HAWKINS, Texas (KLTV) - The Black Lives Matter movement persuaded Quaker Oats to rebrand the 130-year-old Aunt Jemima syrup. However, the history lives on in Hawkins, where one of the women who portrayed the character resided. Lillian Richard is the subject of this week’s Mark in Texas History with Mark Scirto.
Lillian Richard was born in the Fouke community, which is outside Hawkins, in 1891. In 1925, she accepted a job with the Quaker Oats Company, portraying Aunt Jemima. She traveled the country and promoted the brand’s pancake mix.
Quaker Oats decided to remove the Aunt Jemima label, citing it as a racial stereotype. Richard's family disagrees.
“A lot of people want it removed. We want the world to know that our cousin Lillian was one of the Aunt Jemimas, and she made an honest living. We would ask that you reconsider just wiping all that away. There wasn’t a lot of jobs, especially for black women back in that time. She was discovered by Quaker Oats to be their brand person, said Vera Harris, family historian.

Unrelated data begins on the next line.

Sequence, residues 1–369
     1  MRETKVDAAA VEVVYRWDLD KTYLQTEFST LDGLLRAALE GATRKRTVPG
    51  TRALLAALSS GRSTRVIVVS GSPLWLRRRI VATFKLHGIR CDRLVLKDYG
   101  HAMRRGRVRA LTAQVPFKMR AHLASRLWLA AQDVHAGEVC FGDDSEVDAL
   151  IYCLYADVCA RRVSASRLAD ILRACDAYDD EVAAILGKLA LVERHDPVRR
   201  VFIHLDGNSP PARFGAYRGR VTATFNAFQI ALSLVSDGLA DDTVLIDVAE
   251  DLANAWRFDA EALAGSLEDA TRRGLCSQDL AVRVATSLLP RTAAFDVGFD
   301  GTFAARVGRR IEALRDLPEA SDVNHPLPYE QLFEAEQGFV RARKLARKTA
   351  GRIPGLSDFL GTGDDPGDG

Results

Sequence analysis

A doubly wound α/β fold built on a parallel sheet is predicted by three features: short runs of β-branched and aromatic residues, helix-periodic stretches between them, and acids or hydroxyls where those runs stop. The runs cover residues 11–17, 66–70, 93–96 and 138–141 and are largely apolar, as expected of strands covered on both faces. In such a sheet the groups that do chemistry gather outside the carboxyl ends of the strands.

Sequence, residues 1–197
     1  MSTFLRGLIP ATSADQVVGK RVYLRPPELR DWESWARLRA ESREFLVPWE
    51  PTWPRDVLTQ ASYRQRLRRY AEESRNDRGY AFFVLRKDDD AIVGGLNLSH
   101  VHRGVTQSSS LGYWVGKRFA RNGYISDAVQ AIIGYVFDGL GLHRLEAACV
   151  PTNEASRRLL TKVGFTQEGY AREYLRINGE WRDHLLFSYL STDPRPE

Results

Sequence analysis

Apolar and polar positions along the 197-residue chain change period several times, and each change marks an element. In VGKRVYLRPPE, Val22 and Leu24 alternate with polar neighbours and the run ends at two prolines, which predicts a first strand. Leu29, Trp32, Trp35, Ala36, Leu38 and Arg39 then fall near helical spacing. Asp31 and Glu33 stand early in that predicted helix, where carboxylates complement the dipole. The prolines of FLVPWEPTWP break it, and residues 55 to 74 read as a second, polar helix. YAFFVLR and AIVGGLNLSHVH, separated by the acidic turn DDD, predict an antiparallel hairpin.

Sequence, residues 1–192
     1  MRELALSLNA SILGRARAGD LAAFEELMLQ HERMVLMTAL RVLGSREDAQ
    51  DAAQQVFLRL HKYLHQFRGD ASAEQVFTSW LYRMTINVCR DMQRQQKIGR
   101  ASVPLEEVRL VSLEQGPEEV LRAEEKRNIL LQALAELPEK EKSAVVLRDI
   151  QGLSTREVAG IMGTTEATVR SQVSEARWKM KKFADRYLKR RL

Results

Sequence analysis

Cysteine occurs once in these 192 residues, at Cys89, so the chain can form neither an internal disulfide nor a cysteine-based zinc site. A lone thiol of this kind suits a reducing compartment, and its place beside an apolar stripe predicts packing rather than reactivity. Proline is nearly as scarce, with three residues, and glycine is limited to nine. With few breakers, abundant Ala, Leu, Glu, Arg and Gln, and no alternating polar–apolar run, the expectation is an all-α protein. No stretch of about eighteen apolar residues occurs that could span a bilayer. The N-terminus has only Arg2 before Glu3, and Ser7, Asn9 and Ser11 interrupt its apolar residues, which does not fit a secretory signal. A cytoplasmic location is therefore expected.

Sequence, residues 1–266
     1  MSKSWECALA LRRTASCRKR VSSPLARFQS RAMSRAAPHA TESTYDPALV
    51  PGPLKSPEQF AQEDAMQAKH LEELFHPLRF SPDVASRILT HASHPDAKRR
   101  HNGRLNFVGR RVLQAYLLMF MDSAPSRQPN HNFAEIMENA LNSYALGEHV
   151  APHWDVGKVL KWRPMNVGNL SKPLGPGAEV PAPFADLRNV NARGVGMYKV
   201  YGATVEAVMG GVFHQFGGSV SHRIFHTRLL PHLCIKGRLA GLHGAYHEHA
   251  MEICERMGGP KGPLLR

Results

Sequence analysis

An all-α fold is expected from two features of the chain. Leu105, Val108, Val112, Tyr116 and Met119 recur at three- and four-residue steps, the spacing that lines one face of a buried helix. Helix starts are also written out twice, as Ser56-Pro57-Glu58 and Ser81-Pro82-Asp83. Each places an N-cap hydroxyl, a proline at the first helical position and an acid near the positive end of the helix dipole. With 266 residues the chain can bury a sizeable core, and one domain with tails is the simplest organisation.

But Richard's legacy lives on with this historical marker at the Fouke Community Center.
“She was considered a hero in Hawkins, and we are proud of that. We do not want that history erased, “ Harris said.
Because of Richard's legacy, the state legislature named Hawkins the "Pancake Capital of Texas."
The marker honoring Lillian Richard is located at 5425 FM 2869.